Monday, October 25, 2010

Smoke and Dust, 9 x 12, oil on panel, by Ron Donoughe

I did this study for a larger 16 x 20 painting last month. So often the quick sketch turns out to be the better of the two. Maybe I'm trying too hard on the larger pieces? The bigger paintings are usually on linen, they take more time, and are meant to be more "serious". The relaxed feeling combined with concentration is what all the golfers talk about to hit a ball. Could golf and painting actually have something in common? Both require an enormous amount of practice and a lot of skill. So I guess it is possible. I have found that the smaller I work the better my results. Also, I have fewer expectations and the materials are not that big of an investment. Generally I'm enjoying the process a bit more and if it doesn't work, scrapping off a small loser is no big deal.

8 comments:

Dana said...

I don't think I ever seen an industrial painting, very good work great detail

Pat Koscienski said...

Ron, this is really nice. They say that about Constable's plein air studies...now being considered better than the large studio pieces he did. They are looser and more painterly. Larger paintings are harder to do, though. I once asked an instructor how to achieve a larger painting much like my smaller paintings...he said, "use larger brushes". However, not quite that simple. LOL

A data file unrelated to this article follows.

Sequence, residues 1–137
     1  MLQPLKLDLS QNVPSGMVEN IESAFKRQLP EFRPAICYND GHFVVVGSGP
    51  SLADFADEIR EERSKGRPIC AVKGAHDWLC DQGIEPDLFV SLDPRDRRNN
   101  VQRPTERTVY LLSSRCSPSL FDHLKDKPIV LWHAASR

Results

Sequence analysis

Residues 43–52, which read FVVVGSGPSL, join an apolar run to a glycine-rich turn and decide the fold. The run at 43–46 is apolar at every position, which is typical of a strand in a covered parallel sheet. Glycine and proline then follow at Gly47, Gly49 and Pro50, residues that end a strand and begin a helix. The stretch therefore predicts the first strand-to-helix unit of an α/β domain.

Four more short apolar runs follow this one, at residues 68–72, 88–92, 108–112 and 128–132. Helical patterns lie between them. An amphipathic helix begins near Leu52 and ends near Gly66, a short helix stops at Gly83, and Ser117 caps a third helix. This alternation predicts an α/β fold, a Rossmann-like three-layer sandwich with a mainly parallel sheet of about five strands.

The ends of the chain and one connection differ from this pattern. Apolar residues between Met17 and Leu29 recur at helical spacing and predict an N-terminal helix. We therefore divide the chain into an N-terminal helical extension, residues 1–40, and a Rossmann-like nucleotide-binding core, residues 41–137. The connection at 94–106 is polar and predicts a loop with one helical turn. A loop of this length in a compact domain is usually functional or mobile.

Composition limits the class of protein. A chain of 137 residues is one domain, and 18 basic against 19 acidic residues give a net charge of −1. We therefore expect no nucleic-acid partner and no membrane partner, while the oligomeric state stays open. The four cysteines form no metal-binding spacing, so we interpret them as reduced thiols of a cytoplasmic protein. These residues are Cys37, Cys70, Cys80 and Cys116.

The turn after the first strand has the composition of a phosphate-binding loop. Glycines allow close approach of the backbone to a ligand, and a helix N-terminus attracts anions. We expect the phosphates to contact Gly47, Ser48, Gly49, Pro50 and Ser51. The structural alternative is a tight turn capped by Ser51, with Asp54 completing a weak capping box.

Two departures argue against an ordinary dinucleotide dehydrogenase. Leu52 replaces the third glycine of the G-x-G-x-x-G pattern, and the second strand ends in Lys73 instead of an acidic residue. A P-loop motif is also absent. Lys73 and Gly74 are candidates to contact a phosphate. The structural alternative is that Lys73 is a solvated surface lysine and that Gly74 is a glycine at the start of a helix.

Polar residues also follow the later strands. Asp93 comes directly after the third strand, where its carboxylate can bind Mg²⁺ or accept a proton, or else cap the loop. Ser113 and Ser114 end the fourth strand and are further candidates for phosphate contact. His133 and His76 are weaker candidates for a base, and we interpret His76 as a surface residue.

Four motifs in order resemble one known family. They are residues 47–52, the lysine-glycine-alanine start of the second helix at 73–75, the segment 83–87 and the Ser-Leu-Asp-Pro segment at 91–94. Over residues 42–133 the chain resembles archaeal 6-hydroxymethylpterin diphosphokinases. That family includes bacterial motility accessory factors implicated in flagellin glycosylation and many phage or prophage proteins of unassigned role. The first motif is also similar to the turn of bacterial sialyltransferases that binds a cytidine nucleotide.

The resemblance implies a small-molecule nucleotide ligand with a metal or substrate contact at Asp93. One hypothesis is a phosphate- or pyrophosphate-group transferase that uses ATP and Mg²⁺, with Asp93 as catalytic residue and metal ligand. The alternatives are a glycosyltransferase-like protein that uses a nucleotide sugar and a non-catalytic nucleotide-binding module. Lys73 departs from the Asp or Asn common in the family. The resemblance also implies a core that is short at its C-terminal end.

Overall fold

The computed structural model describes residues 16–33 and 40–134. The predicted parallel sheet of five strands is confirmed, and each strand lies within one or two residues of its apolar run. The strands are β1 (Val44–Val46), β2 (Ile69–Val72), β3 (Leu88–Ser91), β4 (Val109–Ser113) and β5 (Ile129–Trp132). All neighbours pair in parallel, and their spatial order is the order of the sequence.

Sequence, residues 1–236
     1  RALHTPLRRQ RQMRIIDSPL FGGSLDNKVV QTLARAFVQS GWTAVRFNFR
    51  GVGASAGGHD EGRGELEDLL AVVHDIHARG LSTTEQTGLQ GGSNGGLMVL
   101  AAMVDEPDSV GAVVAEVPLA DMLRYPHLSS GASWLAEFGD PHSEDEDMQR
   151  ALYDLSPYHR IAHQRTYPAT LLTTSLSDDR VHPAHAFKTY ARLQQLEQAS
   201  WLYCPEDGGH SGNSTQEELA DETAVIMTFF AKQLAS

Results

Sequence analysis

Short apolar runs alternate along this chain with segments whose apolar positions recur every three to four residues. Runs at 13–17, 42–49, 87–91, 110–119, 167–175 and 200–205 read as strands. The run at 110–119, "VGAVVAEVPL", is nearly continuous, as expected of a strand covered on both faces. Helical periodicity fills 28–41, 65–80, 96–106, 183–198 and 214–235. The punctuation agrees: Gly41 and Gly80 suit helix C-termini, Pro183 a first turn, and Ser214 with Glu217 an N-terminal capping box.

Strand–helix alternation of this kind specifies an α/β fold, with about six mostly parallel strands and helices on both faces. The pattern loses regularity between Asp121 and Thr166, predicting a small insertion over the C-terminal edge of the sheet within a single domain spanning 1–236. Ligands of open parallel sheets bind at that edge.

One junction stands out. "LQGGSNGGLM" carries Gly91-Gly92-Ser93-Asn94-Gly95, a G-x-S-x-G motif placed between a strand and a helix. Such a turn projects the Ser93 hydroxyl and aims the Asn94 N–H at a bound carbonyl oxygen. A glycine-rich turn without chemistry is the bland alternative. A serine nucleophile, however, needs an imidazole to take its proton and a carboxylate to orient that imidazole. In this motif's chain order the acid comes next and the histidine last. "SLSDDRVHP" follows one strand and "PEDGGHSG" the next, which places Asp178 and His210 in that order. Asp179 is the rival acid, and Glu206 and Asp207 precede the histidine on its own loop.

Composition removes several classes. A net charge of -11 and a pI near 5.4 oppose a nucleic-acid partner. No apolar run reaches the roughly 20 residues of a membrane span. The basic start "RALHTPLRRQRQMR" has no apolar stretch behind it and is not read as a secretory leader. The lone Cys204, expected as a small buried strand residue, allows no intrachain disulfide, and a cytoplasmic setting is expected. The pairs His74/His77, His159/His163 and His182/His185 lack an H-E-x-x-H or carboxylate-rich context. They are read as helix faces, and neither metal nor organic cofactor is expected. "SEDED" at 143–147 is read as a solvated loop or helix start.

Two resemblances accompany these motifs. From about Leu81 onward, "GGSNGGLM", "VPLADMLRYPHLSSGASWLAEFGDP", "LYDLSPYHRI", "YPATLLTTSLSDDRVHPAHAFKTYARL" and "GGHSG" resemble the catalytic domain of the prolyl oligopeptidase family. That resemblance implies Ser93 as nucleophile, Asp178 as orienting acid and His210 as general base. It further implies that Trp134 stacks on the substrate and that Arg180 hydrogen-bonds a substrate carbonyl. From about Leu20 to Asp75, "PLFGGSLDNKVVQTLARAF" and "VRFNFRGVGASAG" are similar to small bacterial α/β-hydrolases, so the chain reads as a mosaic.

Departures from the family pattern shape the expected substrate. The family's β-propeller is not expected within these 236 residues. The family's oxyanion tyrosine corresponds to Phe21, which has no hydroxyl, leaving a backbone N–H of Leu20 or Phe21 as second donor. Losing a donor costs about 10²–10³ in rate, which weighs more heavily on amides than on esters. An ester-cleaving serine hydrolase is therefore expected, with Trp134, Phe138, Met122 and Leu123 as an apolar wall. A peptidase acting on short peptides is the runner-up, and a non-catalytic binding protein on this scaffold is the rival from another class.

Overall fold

Claire Beadon Carnell said...

This sure works for me - it has a wonderful, subtle strength to it, Ron. I always wish that I could retain the looseness of my underpainting in the final painting...still working on it!

Cecelia Lyden said...
This comment has been removed by the author.
Cecelia Lyden said...

What can I say? You have turned a sooty, grimy piece of real estate into a beautiful work of art. Honestly, Monet's railroad station masterpieces, are no better, bigger, maybe, but no better.

Michael LeKites said...

Love this. Something different. Caught my eye as soon as I came on the blog!

Julie Riker said...

I feel the same way about my smaller plein air paintings...the larger ones painted in the studio don't have the same fresh quality. Maybe it is because we treat the small works as "sketches" and with the larger pieces there is more pressure to create a masterpiece?
I love this little panel. I love the spontaneous strokes you use to capture the smoke. I can see how that would be difficult to repeat on a larger scale.

Bottini - Classic Realist Landscape said...

Beautiful use of gestured brushwork and a tertiary palette, Ron. Your grit and glow mingle in the best of the Ash Can School tradition and your Western Pa roots add ironic monument & vigor to the subject.